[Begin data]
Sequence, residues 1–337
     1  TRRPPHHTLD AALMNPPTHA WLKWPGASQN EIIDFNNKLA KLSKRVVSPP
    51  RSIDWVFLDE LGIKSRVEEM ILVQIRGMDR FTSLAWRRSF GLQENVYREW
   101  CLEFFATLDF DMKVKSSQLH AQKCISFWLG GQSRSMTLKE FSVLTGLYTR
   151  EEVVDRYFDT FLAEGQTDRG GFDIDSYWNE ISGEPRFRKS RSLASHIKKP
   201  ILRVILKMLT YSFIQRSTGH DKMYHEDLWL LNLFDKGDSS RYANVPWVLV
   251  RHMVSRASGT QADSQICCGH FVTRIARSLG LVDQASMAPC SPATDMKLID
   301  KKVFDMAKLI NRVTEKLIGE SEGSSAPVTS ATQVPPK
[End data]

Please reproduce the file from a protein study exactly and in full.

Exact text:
Sequence, residues 1–337
     1  TRRPPHHTLD AALMNPPTHA WLKWPGASQN EIIDFNNKLA KLSKRVVSPP
    51  RSIDWVFLDE LGIKSRVEEM ILVQIRGMDR FTSLAWRRSF GLQENVYREW
   101  CLEFFATLDF DMKVKSSQLH AQKCISFWLG GQSRSMTLKE FSVLTGLYTR
   151  EEVVDRYFDT FLAEGQTDRG GFDIDSYWNE ISGEPRFRKS RSLASHIKKP
   201  ILRVILKMLT YSFIQRSTGH DKMYHEDLWL LNLFDKGDSS RYANVPWVLV
   251  RHMVSRASGT QADSQICCGH FVTRIARSLG LVDQASMAPC SPATDMKLID
   301  KKVFDMAKLI NRVTEKLIGE SEGSSAPVTS ATQVPPK